Dhaka, Dec 4: Bangladesh coach Courtney Walsh backed Bangladesh's
decision to play an all-spin attack in the final Test against the Windies here, likening it to the Windies teams of the past playing four quicks.
Having decided that quicks wouldn't have too much of a role to play in the Dhaka Test, Bangladesh went for an all-spin attack, and even though the move did pay off – the hosts won by an innings and 184 runs – it raised some eyebrows. Bowling coach Walsh – himself a legendary former fast bowler – threw his weight behind the ploy,
an ICC report said. "We are here to win Test matches. Whatever surface we play on, whichever combination is the best to get Bangladesh to win Tests, I'm always happy with it. Back in the day when Windies used to dominate, they had four fast bowlers. Now Bangladesh is dominating with four spinners, so it is just a trend," he argued.
"The surface was never going to be fast-bowler friendly. We thought the spinners would have a bigger role and that has proven to be the case," he said. Walsh acknowledged that the fast bowlers would be disappointed, but rather than dent their confidence he felt it would increase their hunger provided that they show more mental strength during practice.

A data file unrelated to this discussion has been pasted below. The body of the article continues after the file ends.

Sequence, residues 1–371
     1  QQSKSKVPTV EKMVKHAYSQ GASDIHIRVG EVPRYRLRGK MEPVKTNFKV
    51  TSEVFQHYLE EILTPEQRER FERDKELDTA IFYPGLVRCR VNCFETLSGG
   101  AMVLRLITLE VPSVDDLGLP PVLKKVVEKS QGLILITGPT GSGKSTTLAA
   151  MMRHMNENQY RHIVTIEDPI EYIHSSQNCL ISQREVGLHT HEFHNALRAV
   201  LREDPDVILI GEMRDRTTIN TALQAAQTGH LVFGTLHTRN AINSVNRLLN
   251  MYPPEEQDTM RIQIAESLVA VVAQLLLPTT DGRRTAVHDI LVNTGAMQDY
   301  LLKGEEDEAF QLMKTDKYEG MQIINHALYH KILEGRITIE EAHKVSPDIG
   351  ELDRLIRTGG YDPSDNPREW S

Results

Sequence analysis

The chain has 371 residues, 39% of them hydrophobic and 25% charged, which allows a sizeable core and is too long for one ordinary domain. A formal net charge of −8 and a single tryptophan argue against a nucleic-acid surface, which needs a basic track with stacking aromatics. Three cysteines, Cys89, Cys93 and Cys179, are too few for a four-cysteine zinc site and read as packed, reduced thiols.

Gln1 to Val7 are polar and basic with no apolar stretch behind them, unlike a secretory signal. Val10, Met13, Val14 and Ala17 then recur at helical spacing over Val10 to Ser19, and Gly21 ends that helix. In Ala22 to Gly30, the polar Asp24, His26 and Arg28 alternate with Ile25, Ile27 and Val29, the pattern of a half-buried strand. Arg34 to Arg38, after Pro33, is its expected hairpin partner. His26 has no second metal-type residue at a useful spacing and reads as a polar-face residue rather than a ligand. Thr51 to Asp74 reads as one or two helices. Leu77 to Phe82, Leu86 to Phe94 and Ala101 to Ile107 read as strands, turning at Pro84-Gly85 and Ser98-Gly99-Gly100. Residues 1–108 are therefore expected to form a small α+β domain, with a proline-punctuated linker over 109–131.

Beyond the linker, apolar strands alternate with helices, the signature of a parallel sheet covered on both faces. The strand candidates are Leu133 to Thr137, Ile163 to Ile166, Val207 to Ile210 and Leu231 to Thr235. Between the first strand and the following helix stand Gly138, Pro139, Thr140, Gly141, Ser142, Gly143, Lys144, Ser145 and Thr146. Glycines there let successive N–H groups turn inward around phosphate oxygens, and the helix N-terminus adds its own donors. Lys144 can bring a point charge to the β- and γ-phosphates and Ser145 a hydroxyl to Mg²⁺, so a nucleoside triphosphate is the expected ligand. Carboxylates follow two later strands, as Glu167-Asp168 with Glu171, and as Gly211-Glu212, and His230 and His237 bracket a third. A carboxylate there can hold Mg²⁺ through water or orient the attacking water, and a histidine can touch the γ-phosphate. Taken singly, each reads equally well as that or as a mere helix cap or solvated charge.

He pointed out that they would have a much bigger role to play in the limited-overs games, and the subsequent Test tour of New Zealand.
"This was a Test to try to win the series. For me, it is not sending the wrong message. Tactically, we felt it was the best for Bangladesh to win without a fast bowler," he explained.
"It might be the first time one hasn't played, but the result matters. They should be disappointed at not playing, but it is not the end of the world or end of the road," said Walsh
"Mentally, they have to show more strength in practice, in the ODIs coming up and the tour of New Zealand. Someone has to say 'okay, I wasn't selected in a Test match but I have to make sure it doesn't happen again. Whenever it is seamer friendly, my name is first on the paper'," he said.
"Hopefully they will get them hungry. Our job as coaches is to get them ready for overseas conditions. The more you play, it is better. In this day and age you don't have the luxury so you have to be ready whenever you get the opportunity," Walsh added.(UNI)